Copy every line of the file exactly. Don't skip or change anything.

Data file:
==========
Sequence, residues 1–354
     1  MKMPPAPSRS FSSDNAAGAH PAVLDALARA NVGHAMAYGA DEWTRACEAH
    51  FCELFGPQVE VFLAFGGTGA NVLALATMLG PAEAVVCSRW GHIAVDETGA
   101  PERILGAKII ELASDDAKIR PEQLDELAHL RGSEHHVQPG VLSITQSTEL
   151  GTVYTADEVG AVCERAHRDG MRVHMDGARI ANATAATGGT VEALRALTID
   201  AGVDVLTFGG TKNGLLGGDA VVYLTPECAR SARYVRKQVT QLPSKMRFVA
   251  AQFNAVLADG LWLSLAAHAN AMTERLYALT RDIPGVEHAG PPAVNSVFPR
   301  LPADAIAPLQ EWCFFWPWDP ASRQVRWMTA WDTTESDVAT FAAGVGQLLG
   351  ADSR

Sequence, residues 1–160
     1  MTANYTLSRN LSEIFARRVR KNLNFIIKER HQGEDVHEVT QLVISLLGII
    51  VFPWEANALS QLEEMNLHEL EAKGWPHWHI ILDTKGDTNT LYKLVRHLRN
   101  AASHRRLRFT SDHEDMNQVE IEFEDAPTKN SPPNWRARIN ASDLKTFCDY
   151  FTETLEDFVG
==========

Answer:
Sequence, residues 1–354
     1  MKMPPAPSRS FSSDNAAGAH PAVLDALARA NVGHAMAYGA DEWTRACEAH
    51  FCELFGPQVE VFLAFGGTGA NVLALATMLG PAEAVVCSRW GHIAVDETGA
   101  PERILGAKII ELASDDAKIR PEQLDELAHL RGSEHHVQPG VLSITQSTEL
   151  GTVYTADEVG AVCERAHRDG MRVHMDGARI ANATAATGGT VEALRALTID
   201  AGVDVLTFGG TKNGLLGGDA VVYLTPECAR SARYVRKQVT QLPSKMRFVA
   251  AQFNAVLADG LWLSLAAHAN AMTERLYALT RDIPGVEHAG PPAVNSVFPR
   301  LPADAIAPLQ EWCFFWPWDP ASRQVRWMTA WDTTESDVAT FAAGVGQLLG
   351  ADSR

Sequence, residues 1–160
     1  MTANYTLSRN LSEIFARRVR KNLNFIIKER HQGEDVHEVT QLVISLLGII
    51  VFPWEANALS QLEEMNLHEL EAKGWPHWHI ILDTKGDTNT LYKLVRHLRN
   101  AASHRRLRFT SDHEDMNQVE IEFEDAPTKN SPPNWRARIN ASDLKTFCDY
   151  FTETLEDFVG